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A milling machine is a machine tool used to machine solid materials. Milling machines are often classed in two basic forms, horizontal and vertical, which refers to the orientation of the main spindle. Both types range in size from small, bench-mounted devices to room-sized machines. Unlike a drill press, which holds the workpiece stationary as the drill moves axially to penetrate the material, milling machines also move the workpiece radially against the rotating milling cutter, which cuts on its sides as well as its tip. Workpiece and cutter movement are precisely controlled to less than 0.001 in (0.025 mm), usually by means of precision ground slides and leadscrews or analogous technology. Milling machines may be manually operated, mechanically automated, or digitally automated via computer numerical control.
Milling machines can perform a vast number of operations, from simple (e.g., slot and keyway cutting, planing, drilling) to complex (e.g., contouring, diesinking). Cutting fluid is often pumped to the cutting site to cool and lubricate the cut and to wash away the resulting swarf.
Mill orientation is the primary classification for milling machines. The two basic
Prototyping is the process of quickly putting together a working model (a prototype) in order to test various aspects of a design, illustrate ideas or features and gather early user feedback. Prototyping is often treated as an integral part of the system design process, where it is believed to reduce project risk and cost. Often one or more prototypes are made in a process of iterative and incremental development where each prototype is influenced by the performance of previous designs, in this way problems or deficiencies in design can be corrected. When the prototype is sufficiently refined and meets the functionality, robustness, manufacturability and other design goals, the product is ready for production.
The prototyping model is a software development process that begins with requirements collection, followed by prototyping and user evaluation. Often the end users may not be able to provide a complete set of application objectives, detailed input, processing, or output requirements in the initial stage. After the user evaluation, another prototype will be built based on feedback from users, and again the cycle returns to customer evaluation. The cycle starts by listening to
Reverse engineering is the process of discovering the technological principles of a device, object, or system through analysis of its structure, function, and operation. It often involves taking something (a mechanical device, electronic component, computer program, or biological, chemical, or organic matter) apart and analyzing its workings in detail to be used in maintenance, or to try to make a new device or program that does the same thing without using or simply duplicating (without understanding) the original.
Reverse engineering has its origins in the analysis of hardware for commercial or military advantage. The purpose is to deduce design decisions from end products with little or no additional knowledge about the procedures involved in the original production. The same techniques are subsequently being researched for application to legacy software systems, not for industrial or defence ends, but rather to replace incorrect, incomplete, or otherwise unavailable documentation.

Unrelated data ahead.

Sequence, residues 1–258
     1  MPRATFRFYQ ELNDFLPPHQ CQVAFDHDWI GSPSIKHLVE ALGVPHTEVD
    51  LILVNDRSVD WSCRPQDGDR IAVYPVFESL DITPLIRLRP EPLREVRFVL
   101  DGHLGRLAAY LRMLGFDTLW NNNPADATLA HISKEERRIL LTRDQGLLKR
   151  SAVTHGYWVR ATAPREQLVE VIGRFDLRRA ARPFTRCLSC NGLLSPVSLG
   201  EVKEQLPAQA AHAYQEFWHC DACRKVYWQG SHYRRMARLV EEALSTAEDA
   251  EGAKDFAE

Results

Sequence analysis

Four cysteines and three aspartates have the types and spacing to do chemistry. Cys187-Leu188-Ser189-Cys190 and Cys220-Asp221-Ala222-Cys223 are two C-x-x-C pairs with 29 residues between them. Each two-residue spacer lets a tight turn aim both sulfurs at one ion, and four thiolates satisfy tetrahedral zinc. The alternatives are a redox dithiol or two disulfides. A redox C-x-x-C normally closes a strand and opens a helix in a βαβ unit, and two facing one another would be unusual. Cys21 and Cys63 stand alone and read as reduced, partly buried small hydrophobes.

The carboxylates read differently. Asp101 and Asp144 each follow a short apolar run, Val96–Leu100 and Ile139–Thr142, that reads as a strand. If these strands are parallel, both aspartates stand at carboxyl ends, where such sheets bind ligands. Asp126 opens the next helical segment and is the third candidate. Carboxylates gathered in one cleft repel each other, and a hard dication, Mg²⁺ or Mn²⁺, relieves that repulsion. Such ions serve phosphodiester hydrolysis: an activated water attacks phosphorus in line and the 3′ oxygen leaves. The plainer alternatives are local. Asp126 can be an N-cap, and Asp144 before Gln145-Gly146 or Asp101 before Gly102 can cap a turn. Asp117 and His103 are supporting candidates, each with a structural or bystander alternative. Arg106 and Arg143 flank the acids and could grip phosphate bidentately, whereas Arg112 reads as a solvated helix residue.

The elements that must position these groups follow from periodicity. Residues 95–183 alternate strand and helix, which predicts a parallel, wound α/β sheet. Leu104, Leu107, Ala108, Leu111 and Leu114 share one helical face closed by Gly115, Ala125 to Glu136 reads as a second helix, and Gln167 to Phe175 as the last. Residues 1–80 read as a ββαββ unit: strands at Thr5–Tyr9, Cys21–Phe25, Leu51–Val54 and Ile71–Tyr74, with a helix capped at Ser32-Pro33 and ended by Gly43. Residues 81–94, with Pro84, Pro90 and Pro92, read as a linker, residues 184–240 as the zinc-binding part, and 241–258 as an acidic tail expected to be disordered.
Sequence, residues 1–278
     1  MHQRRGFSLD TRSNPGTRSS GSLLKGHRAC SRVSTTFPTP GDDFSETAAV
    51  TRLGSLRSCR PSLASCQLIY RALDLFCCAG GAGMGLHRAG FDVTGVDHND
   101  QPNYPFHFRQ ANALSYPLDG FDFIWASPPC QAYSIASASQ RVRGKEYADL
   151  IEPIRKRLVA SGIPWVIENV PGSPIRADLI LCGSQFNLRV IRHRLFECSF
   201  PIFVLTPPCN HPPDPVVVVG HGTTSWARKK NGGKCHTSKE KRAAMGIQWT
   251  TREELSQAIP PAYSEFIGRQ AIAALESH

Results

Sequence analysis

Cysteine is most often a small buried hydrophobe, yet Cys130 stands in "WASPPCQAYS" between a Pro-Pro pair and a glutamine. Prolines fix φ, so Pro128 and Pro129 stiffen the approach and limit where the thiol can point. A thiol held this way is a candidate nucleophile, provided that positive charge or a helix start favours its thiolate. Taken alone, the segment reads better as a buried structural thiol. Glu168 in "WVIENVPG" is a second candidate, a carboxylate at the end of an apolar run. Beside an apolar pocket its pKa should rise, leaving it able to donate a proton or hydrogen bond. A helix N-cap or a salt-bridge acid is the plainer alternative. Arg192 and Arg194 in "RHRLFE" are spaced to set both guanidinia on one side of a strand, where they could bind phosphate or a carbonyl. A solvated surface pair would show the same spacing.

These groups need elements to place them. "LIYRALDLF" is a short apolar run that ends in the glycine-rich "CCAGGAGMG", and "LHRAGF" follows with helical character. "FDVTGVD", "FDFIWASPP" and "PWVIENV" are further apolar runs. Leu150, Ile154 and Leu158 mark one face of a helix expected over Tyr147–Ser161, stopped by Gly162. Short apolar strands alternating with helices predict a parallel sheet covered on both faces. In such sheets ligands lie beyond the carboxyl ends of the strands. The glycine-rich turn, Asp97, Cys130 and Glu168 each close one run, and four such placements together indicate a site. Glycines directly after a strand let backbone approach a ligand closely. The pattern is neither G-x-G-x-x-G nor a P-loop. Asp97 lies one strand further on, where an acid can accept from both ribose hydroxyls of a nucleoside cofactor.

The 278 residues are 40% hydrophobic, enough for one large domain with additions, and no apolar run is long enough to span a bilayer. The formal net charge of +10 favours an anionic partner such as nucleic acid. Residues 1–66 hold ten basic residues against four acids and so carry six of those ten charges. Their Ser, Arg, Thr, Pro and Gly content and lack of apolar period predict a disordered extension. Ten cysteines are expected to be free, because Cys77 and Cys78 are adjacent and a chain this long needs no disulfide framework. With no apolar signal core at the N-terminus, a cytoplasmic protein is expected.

Reasons for reverse engineering:
As computer-aided design (CAD) has become more popular, reverse engineering has become a viable method to create a 3D virtual model of an existing physical part for
Sheet metal forming refers to various processes used to convert sheet metal into different shapes for a large variety of finished parts such as aluminium cans and automobile body panels. Key to the formability of sheet metal is its ductility.
Typical forming processes include:
Precision Metalforming Association
Turning is a machining process in which a cutting tool, typically a non-rotary tool bit, describes a helical toolpath by moving more or less linearly while the workpiece rotates. The tool's axes of movement may be literally a straight line, or they may be along some set of curves or angles, but they are essentially linear (in the nonmathematical sense). Usually the term "turning" is reserved for the generation of external surfaces by this cutting action, whereas this same essential cutting action when applied to internal surfaces (that is, holes, of one kind or another) is called "boring". Thus the phrase "turning and boring" categorizes the larger family of (essentially similar) processes. The cutting of faces on the workpiece (that is, surfaces perpendicular to its rotating axis), whether with a turning or boring tool, is called "facing", and may be lumped into either category as a subset.
Turning can be done manually, in a traditional form of lathe, which frequently requires continuous supervision by the operator, or by using an automated lathe which does not. Today the most common type of such automation is computer numerical control, better known as CNC. (CNC is also commonly
In machining, boring is the process of enlarging a hole that has already been drilled (or cast), by means of a single-point cutting tool (or of a boring head containing several such tools), for example as in boring a gun barrel or an engine cylinder. Boring is used to achieve greater accuracy of the diameter of a hole, and can be used to cut a tapered hole. Boring can be viewed as the internal-diameter counterpart to turning, which cuts external diameters.